9 Useful English Phrases to Say When it’s Raining

Hello, everyone!

Rain is a fact of life! We can’t fight it. I live in England and rain is part of my life now.

English speakers talk about the weather a lot! It’s a common topic of small talk*. You will have a lot of short English conversations about the weather in an English-speaking country!

(*Small talk is an informal, polite but friendly conversation about something that is ordinary and not important. It’s the kind of conversation you have with the cashier at the grocery store or gas station.)

You don’t have to guess how to talk about rain. There are common phrases and sentences that you can use. We can’t predict what everyone is going to say in a conversation, but it helps to be prepared!

1. “What’s it like outside? Is it raining?”

You can ask this question when you want to know what’s happening outside. Someone might also ask you this question!

Here are some more questions you might hear:

What’s the weather like?

How is it outside? Is it raining?

Is it still raining out?

NOT: “How is the weather like?

Out is sometimes used as a shortened form of outside.


When you talk about weather in English, use it.

Memorize: “It’s 16 degrees today“. (NOT: “We have 16 degrees.” or “There are 16 degrees.”)

It is an empty subject in this context. It has no meaning and it doesn’t take the place of another word.

Note: In Canada we measure temperature in Celsius. In the US, temperature is measured in Fahrenheit.

2. “It’s raining.”

Sometimes in English you don’t need fancy, complex sentences. Simple sentences are just fine. The most common thing to say about rain in English is, “It’s raining.”

There are different synonyms you can use depending on whether it is light rain or heavy rain.

“It’s spitting.”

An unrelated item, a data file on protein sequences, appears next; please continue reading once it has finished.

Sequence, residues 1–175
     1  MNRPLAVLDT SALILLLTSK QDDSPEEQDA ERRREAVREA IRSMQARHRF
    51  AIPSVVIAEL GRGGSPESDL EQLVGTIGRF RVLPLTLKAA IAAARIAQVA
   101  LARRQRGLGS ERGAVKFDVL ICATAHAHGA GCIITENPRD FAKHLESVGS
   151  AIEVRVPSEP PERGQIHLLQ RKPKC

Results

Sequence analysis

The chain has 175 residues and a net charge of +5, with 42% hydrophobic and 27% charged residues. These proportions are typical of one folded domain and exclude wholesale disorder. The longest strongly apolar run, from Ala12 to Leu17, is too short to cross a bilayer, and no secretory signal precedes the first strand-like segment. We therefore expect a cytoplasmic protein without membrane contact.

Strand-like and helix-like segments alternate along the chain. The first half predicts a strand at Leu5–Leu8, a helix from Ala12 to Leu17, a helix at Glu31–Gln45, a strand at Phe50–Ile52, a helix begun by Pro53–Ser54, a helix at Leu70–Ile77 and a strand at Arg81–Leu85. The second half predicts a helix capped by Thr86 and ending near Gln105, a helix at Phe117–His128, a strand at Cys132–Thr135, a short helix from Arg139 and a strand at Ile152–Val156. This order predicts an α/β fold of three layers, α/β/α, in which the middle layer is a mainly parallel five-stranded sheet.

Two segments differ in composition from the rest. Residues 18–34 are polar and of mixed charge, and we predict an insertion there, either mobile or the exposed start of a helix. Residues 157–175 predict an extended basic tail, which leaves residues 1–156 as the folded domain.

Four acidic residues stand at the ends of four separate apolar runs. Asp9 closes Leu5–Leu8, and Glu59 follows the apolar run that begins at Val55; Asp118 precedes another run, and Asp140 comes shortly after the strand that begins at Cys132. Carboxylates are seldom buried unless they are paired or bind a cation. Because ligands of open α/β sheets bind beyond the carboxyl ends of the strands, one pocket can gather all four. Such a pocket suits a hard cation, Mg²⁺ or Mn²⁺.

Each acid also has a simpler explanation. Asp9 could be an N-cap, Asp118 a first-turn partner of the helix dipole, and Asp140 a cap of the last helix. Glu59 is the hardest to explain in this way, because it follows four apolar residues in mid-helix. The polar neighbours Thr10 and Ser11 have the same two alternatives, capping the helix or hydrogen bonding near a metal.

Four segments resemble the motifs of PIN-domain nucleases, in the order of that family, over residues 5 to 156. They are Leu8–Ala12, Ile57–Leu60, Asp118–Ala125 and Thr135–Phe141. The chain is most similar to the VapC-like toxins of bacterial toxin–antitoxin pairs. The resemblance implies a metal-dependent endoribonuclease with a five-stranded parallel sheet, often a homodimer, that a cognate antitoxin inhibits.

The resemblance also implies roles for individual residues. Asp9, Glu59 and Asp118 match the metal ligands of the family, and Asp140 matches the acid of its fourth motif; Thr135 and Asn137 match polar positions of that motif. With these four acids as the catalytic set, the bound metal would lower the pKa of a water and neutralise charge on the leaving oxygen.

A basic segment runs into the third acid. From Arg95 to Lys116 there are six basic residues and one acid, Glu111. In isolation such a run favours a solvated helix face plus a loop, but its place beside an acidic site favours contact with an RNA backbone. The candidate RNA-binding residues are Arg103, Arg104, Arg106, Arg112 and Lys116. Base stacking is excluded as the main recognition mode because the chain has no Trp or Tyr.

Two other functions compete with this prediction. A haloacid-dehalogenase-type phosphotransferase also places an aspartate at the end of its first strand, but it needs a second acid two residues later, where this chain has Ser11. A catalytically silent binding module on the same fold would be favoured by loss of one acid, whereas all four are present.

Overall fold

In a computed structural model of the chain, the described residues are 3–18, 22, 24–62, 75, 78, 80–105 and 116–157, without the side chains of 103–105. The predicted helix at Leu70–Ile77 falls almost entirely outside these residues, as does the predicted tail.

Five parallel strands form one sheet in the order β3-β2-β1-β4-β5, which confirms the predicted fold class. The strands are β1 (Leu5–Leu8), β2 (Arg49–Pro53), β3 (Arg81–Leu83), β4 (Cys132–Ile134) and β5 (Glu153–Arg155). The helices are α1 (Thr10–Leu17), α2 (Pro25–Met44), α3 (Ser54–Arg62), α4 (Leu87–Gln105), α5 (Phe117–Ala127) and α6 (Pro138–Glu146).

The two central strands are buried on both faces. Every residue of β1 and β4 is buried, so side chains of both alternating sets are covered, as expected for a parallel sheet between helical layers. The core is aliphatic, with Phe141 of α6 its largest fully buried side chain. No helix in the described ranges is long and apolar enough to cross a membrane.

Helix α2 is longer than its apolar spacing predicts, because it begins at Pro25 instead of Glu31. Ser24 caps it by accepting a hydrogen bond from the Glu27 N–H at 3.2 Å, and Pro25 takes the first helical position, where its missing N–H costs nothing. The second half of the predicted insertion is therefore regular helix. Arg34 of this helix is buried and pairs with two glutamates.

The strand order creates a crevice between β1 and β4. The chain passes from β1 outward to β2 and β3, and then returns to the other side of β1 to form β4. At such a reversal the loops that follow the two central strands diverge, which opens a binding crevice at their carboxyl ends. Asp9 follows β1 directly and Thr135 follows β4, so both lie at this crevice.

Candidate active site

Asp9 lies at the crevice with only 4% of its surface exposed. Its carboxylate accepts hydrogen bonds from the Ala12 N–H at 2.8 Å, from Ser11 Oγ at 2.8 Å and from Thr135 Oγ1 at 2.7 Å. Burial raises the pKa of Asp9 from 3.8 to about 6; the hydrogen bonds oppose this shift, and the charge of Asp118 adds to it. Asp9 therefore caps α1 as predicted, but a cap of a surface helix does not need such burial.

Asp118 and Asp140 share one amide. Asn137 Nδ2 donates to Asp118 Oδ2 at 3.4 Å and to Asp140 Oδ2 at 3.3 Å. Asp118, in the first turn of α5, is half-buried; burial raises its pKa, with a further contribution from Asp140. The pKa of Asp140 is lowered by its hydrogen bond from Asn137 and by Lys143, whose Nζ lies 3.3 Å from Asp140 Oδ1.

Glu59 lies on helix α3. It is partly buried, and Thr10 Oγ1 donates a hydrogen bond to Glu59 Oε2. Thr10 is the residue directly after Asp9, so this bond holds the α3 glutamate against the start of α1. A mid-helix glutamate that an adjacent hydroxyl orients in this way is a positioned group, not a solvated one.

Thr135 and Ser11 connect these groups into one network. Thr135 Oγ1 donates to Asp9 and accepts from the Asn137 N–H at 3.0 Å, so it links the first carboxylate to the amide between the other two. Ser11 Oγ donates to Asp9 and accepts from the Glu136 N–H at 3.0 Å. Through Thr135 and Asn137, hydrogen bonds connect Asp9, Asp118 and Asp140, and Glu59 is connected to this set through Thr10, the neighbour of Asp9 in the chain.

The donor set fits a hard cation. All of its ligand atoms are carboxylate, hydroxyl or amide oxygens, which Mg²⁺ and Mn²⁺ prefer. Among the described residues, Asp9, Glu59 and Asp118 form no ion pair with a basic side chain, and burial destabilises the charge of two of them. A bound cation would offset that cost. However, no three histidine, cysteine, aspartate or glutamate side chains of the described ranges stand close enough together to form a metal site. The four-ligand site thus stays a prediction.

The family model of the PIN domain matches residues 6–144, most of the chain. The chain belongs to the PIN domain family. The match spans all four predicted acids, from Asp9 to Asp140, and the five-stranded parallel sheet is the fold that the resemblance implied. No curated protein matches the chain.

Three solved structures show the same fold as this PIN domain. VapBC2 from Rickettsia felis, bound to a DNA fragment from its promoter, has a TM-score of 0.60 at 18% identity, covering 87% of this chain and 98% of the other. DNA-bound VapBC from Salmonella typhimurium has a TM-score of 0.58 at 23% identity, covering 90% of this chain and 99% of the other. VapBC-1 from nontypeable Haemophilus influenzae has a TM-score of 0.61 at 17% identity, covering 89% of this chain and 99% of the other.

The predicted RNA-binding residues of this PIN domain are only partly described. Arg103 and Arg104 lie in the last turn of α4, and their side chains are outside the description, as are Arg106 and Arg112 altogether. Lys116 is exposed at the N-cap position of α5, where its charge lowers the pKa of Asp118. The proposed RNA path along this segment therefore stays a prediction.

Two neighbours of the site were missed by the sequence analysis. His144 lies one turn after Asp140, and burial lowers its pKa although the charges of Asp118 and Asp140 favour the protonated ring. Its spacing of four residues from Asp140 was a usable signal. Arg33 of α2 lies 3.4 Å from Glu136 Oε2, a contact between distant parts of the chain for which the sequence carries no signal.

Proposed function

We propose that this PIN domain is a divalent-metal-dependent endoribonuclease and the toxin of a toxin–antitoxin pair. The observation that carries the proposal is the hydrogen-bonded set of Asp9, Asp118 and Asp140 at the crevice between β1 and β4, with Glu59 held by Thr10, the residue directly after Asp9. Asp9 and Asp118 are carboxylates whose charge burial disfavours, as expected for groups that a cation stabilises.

Spitting is very light rain, rain that you can barely feel.

It’s just spitting a little.”
“It’s drizzling.”
Drizzling is more than spitting, less than raining.
“It’s been raining on and off all day.”
On and off means starting & stopping, then starting again over a period of time.
“It’s pouring.”
Pouring is very heavy rain.
It is pouring rain outside!
When I was a kid, we used to sing a cute song:
It’s raining, it’s pouring, the old man is snoring!

3. “It’s really coming down out there!”

Use this sentence to describe very heavy rain.

Rain falls from the clouds. Though we don’t say, “rain is falling,” English speakers understand that this is the movement of rain. In this context, the phrasal verb come down means fall from the sky in very large amounts.

Don’t say “The rain is really falling down.”

Don’t say “it’s raining cats and dogs,” either. You might hear this in movies and TV shows, and parents sometimes say it to their children, but generally people don’t say “it’s raining cats and dogs.”

4. “Take your umbrella. It looks like it’s going to rain.”

Sometimes you look at the clouds in the sky and know that it’s going to rain.

Note: Don’t say “It will rain.” When you are predicting the weather, use be going to.

There are many ways to protect yourself from getting wet in the rain. You can hold an umbrella over your head. You can wear a raincoat or other kind of waterproof jacket. You can wear rain boots or other kind of waterproof footwear.

5. “I’ve had enough of all this rain!”

Sometimes rain is nice. I like the sound of rain hitting the roof of my house when I’m lying in bed at night. However, too much rain is not nice!